Treatment of metastatic renal cell cancer (RCC) with antiangiogenic agents that block vascular endothelial growth factor (VEGF) receptor 2 signaling produces tumor regression in a substantial fraction of patients; however, resistance typically develops within 6 to 12 months. The purpose of this study was to identify molecular pathways involved in resistance. Treatment of mice bearing either 786-0 or A498 human RCC xenografts with sorafenib or sunitinib produced tumor growth stabilization followed by regrowth despite continued drug administration analogous to the clinical experience. Tumors and plasma were harvested at day 3 of therapy and at the time of resistance to assess pathways that may be involved in resistance. Serial perfusion imaging, and plasma and tumor collections were obtained in mice treated with either placebo or sunitinib alone or in combination with intratumoral injections of the angiostatic chemokine CXCL9. Sunitinib administration led to an early downmodulation of IFNγ levels as well as reduction of IFNγ receptor and downstream angiostatic chemokines CXCL9 to 11 within the tumor. Intratumoral injection of CXCL9, although producing minimal effects by itself, when combined with sunitinib resulted in delayed resistance in vivo accompanied by a prolonged reduction of microvascular density and tumor perfusion as measured by perfusion imaging relative to sunitinib alone. These results provide evidence that resistance to VEGF receptor therapy is due at least in part to resumption of angiogenesis in association with reduction of IFNγ-related angiostatic chemokines, and that this resistance can be delayed by concomitant administration of CXCL9. Mol Cancer Ther; 9(10); 2793–802. ©2010 AACR.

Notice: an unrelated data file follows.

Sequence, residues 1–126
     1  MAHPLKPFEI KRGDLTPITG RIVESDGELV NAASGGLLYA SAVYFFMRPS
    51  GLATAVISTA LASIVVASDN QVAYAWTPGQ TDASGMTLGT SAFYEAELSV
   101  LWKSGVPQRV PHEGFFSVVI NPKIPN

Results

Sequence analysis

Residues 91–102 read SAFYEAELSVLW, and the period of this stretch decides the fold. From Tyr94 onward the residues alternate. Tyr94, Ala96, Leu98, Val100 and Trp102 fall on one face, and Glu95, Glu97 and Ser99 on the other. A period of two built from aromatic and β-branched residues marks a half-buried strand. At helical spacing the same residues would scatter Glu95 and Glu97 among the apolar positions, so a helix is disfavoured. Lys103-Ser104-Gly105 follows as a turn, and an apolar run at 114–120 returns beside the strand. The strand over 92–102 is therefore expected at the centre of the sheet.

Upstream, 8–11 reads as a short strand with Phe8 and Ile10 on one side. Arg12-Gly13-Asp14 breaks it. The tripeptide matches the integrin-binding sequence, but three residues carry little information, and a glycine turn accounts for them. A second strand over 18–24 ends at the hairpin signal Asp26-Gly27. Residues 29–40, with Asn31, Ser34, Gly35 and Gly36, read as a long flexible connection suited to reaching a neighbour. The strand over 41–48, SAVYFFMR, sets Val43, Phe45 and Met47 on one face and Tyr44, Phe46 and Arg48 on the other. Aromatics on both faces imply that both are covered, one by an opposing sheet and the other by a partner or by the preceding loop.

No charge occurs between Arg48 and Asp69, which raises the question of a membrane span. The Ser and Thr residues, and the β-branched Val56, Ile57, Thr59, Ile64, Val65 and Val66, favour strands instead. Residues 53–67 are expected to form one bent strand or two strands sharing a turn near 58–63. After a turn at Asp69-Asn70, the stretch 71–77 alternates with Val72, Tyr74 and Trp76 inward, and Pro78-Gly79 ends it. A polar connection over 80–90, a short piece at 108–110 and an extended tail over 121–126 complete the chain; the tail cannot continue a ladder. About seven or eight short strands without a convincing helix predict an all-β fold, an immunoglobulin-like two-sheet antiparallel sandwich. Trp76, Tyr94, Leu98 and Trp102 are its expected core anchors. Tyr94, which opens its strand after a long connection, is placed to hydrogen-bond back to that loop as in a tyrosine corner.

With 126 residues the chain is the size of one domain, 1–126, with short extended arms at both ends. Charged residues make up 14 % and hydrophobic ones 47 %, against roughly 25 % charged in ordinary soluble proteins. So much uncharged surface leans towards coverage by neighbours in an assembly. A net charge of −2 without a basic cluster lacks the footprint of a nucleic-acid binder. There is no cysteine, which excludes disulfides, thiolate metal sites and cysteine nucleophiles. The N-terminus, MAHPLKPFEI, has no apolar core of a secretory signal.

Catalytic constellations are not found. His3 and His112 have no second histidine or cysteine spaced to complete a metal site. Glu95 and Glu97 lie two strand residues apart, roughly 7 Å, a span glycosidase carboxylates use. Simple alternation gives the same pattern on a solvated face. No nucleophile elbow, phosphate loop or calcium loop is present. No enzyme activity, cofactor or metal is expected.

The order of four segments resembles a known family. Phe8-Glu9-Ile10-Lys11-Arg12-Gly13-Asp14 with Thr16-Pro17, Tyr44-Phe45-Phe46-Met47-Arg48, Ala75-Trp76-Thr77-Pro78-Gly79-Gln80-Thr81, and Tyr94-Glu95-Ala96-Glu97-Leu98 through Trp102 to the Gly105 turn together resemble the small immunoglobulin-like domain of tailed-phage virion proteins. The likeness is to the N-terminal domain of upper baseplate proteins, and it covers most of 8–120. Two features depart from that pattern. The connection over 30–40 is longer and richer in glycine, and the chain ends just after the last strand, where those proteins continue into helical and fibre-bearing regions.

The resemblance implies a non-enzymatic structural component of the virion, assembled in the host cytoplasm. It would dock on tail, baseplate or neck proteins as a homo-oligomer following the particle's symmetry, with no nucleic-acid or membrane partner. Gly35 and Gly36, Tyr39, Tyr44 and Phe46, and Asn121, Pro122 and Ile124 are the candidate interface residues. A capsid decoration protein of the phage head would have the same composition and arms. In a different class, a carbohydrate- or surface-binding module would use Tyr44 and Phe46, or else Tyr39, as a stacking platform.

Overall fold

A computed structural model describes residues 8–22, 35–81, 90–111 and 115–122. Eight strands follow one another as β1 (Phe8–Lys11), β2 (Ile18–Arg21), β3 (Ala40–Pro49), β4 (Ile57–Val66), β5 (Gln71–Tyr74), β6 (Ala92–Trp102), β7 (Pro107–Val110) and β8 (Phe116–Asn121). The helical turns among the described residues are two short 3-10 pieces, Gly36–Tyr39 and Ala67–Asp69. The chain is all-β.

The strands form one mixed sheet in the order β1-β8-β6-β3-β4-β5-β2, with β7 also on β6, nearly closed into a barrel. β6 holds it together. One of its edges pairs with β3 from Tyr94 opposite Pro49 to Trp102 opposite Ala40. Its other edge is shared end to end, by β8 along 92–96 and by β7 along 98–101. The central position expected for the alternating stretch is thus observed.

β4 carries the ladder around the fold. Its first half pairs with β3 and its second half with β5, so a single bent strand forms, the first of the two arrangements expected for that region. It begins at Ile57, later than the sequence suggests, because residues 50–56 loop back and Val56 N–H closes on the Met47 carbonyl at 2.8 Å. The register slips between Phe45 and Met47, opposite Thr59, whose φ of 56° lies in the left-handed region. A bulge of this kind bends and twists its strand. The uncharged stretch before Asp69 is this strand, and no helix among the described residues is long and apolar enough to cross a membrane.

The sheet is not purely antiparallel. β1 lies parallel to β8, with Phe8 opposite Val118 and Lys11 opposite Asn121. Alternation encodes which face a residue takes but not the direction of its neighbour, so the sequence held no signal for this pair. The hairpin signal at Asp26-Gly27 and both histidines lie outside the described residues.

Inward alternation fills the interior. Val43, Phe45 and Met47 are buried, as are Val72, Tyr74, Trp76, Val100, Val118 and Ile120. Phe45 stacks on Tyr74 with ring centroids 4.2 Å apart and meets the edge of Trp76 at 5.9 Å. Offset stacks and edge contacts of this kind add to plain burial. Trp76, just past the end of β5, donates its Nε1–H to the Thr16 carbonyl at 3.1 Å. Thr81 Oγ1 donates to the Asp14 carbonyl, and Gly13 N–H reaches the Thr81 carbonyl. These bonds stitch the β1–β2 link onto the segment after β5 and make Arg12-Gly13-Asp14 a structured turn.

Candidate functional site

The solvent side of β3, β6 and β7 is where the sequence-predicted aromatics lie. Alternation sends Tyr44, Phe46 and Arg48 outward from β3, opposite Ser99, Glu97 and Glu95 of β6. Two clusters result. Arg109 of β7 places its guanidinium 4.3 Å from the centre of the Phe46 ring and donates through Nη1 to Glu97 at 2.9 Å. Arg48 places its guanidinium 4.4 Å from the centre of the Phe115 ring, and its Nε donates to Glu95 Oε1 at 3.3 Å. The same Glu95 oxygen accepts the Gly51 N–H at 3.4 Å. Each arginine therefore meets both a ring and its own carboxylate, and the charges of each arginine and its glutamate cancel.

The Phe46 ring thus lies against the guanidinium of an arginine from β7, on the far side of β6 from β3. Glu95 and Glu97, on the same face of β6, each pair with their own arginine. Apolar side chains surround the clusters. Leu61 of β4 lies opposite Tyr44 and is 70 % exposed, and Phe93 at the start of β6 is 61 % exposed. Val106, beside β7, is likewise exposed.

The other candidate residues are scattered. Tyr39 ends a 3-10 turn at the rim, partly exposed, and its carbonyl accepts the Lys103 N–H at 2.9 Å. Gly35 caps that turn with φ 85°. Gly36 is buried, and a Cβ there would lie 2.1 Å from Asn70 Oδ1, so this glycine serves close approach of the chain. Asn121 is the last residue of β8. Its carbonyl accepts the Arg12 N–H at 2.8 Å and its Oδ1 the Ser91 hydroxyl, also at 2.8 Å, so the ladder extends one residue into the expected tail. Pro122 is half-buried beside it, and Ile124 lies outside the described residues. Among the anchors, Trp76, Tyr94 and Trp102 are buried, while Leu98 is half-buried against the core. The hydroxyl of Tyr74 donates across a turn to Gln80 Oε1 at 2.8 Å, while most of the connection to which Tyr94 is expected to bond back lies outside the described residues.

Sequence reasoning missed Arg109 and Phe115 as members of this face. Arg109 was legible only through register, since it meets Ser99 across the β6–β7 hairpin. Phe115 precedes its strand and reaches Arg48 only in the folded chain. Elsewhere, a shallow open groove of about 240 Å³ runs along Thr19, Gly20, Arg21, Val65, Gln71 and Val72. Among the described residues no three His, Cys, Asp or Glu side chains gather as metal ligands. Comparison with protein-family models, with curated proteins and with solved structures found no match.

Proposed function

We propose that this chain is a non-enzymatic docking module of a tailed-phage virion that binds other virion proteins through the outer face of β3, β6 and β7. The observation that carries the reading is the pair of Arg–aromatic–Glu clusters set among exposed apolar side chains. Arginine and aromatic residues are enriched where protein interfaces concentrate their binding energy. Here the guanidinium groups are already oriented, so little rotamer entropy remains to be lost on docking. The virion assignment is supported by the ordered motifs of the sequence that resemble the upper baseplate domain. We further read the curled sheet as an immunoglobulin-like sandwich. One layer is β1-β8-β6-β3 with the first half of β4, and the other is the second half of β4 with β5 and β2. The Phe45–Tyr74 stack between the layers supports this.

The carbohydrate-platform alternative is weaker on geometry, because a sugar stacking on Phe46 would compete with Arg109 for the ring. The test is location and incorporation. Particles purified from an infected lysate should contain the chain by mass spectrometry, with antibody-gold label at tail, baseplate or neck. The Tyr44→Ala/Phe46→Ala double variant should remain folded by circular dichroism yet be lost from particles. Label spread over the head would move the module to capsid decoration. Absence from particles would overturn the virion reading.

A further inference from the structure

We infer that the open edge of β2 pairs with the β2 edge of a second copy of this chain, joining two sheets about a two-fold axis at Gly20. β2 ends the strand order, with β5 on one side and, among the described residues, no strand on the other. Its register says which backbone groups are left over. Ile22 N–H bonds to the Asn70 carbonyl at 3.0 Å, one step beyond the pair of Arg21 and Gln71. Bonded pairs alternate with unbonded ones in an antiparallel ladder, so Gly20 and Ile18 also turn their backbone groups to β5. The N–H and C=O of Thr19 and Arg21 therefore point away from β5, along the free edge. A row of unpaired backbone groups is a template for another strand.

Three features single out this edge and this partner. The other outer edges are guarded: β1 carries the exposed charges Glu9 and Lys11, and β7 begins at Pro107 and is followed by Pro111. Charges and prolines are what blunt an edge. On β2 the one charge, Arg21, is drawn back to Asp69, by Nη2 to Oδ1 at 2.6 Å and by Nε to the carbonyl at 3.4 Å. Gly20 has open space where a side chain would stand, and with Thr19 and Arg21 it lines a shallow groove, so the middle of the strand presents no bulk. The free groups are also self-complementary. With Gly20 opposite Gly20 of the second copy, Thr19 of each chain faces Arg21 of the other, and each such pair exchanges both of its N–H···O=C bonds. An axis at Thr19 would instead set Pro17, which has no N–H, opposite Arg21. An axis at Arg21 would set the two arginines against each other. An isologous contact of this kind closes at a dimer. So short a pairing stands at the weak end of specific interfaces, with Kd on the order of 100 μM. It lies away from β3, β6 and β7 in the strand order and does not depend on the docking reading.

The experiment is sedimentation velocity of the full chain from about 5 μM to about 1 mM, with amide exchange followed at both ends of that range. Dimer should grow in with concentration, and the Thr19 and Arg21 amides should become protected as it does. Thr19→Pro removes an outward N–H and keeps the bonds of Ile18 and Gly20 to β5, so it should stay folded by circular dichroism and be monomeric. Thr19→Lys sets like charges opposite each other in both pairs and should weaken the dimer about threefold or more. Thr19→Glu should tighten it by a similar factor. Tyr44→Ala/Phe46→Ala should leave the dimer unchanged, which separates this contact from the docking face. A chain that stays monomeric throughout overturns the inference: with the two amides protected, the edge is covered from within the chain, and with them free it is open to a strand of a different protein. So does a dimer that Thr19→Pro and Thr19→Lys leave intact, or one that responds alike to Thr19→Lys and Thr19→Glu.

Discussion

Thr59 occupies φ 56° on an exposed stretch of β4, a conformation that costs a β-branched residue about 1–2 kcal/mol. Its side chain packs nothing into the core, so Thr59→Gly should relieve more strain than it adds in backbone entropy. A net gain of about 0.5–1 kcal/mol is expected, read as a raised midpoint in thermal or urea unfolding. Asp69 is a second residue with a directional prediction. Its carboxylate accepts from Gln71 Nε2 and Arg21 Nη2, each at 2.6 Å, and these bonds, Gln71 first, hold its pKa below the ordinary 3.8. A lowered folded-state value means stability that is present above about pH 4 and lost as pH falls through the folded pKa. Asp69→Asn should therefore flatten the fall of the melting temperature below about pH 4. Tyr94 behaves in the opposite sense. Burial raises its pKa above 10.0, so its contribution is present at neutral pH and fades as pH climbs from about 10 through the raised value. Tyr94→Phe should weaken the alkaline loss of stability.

Note: Supplementary material for this article is available at Molecular Cancer Therapeutics Online (http://mct.aacrjournals.org/).
- Received May 26, 2010.
- Revision received July 23, 2010.
- Accepted July 29, 2010.
- ©2010 American Association for Cancer Research.